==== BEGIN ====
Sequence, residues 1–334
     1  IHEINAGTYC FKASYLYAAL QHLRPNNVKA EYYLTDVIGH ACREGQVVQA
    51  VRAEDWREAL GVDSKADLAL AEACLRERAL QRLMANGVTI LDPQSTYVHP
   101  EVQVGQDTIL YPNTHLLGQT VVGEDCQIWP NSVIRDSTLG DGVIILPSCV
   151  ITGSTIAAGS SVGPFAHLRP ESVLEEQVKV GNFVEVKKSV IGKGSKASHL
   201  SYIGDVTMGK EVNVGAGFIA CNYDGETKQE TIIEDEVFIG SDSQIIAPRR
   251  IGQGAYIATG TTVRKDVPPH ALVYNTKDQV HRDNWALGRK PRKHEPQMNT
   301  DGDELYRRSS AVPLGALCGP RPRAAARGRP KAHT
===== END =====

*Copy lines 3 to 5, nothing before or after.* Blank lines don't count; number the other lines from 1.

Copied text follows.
    51  VRAEDWREAL GVDSKADLAL AEACLRERAL QRLMANGVTI LDPQSTYVHP
   101  EVQVGQDTIL YPNTHLLGQT VVGEDCQIWP NSVIRDSTLG DGVIILPSCV
   151  ITGSTIAAGS SVGPFAHLRP ESVLEEQVKV GNFVEVKKSV IGKGSKASHL